Editorial: Make Midterms consistent

Posted by the Editorial Board

We attend a young college, one that has reached an impasse in determining what kind of institution it will become. This indecision is evident in various contradictions embedded in so many pieces of campus life. One of the symptoms of these academic growing pains is the mid-semester study day, intended to correspond to a midterm schedule that, as the college calendar stands now, does not exist.

While scheduled as a "study day," the cancellation of classes on Oct. 22 provides academic relief for only a few students. Without a set week for midterms adhered to by the majority of professors, students face papers and exams set on an individual class basis, rather than an institution-wide structure. Ask three students when midterm week might be and you will receive three different answers.

This lack of structure reflects administrators' frequent discussions of education as a fluid and lifelong endeavor, with students following individual interests for passion's sake, rather than for the purposes of evaluation. But as the college's academics stand now, testing exists, and it plays a critical role in students' post-graduate success. The college's ideologies come into conflict with its pragmatic academic schedule, for a result that ends up satisfying neither goal.

Fixtures intended to support the more traditional midterm and final structures, like Friday's study day, become arbitrary, serving only those students whose academic demands happen to align accordingly. For the rest of the student body, the cancelled classes act only as a frustrating reminder of the time that could have provided a significant benefit in their completion of papers and exams.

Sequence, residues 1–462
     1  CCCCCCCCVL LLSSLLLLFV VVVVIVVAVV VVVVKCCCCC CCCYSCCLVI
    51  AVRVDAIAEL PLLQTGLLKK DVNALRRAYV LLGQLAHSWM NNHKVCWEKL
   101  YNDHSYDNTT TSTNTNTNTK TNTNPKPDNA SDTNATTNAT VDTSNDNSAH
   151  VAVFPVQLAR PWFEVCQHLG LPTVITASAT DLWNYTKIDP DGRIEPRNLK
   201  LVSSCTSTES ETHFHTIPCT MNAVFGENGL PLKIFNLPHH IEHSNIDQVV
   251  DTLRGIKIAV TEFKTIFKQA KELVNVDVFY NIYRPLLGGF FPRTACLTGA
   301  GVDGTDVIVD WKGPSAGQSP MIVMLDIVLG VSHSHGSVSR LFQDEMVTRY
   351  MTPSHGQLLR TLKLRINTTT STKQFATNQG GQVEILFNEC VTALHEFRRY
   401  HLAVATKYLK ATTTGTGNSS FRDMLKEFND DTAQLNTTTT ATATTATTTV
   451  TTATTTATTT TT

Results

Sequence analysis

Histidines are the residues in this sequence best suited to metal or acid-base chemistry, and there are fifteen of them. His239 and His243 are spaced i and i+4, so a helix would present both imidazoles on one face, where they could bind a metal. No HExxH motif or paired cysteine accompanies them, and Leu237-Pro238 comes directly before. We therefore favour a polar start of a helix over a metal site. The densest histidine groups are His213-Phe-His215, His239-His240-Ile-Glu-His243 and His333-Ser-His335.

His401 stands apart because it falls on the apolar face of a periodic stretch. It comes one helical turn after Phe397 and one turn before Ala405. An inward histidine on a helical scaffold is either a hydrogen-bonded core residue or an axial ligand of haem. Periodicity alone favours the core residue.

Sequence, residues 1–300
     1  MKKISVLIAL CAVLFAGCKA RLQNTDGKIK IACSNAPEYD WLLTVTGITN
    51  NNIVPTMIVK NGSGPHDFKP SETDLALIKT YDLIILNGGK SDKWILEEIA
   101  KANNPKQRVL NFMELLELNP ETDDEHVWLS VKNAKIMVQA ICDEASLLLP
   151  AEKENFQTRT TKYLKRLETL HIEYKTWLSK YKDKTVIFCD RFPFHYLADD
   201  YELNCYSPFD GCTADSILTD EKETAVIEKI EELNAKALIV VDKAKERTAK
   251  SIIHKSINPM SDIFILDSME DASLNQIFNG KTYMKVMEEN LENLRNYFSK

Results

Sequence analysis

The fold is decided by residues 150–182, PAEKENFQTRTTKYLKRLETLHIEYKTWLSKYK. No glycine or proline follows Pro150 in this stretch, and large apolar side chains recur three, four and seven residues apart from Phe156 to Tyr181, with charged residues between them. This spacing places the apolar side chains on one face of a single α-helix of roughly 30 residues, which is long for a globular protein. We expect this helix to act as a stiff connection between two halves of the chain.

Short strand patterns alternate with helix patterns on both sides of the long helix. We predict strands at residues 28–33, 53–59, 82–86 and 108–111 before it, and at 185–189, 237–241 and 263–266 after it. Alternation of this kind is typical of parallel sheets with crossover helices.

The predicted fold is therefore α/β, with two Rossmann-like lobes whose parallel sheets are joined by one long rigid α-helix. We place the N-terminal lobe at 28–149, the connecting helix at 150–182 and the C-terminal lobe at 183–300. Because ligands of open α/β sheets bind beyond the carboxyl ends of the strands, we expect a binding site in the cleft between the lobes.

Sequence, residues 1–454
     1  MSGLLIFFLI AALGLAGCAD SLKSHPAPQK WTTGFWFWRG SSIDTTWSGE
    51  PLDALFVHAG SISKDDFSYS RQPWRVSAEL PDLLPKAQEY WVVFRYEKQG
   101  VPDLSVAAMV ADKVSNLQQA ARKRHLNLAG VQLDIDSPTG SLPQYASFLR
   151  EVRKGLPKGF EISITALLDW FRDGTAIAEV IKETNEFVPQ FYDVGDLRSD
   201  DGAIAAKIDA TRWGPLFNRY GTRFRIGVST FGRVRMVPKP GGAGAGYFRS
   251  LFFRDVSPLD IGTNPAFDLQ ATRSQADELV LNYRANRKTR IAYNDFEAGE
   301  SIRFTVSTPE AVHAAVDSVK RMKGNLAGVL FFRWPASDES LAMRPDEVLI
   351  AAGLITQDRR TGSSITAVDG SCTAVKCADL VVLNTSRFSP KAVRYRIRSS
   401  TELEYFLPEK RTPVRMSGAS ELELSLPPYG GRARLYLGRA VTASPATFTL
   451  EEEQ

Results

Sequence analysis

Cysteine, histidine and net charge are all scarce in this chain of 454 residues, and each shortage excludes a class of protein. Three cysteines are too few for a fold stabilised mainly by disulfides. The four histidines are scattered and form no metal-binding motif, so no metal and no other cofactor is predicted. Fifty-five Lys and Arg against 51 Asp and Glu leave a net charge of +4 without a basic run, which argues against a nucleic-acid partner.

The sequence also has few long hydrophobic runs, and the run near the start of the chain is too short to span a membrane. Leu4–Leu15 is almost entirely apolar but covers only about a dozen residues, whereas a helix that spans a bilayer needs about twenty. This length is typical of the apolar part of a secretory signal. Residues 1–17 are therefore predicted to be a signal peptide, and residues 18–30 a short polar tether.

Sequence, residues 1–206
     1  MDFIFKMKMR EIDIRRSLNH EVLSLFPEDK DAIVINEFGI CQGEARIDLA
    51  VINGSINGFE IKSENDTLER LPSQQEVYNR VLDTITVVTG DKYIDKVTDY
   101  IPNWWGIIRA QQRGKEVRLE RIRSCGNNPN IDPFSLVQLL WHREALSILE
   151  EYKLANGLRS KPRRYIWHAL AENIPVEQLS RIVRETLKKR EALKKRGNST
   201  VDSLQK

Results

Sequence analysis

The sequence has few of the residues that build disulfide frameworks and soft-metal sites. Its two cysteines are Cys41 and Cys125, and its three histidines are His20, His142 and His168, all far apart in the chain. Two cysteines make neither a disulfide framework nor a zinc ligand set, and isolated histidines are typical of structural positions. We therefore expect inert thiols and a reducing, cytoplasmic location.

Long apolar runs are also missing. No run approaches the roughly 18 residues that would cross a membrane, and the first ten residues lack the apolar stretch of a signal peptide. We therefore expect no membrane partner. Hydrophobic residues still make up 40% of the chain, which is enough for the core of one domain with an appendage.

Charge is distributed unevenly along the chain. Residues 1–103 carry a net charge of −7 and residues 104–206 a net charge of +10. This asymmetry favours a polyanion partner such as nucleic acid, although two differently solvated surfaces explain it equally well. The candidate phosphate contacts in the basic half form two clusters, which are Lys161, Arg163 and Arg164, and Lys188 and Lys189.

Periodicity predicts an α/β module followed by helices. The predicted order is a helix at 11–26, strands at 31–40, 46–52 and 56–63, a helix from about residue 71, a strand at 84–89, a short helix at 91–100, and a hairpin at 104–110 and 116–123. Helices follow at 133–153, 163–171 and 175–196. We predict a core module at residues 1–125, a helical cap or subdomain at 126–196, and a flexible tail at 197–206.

These midterm assignments play a role comparable to those at the end of the semester, which are served by a much more structured finals week. Look around the campus in mid-December, and you will see a different Skidmore. By noon, students fill the library; parties turn low-key or nonexistent; the college tells student workers to take a few days off.

This contrasts greatly with the more unfocused atmosphere in mid-October. Burgess Café might see a few more students anxious for their morning coffee, but the campus does not see the same intense academic focus as during finals. The difference does not lie in the academic demands placed on students in these two points in the semester: it lies in how the college imposes these demands.

Soliciting professors' suggestions on how to best schedule a midterm week would allow the college to reserve study days accordingly. By strongly recommending that professors plan their syllabi with that set midterm week in mind, the college can create a study day that fulfills its titular purpose. The college should also consider which day of the week would be used most productively, as Friday is not the most conducive day for studying.

To determine what kind of institution Skidmore will become, administrators should look to the small frustrations faced by students as indicators of where they can begin to make those formative decisions. The resolution to these seemingly insignificant contradictions will play a guiding role in how the college goes forward in finding its identity in higher education.

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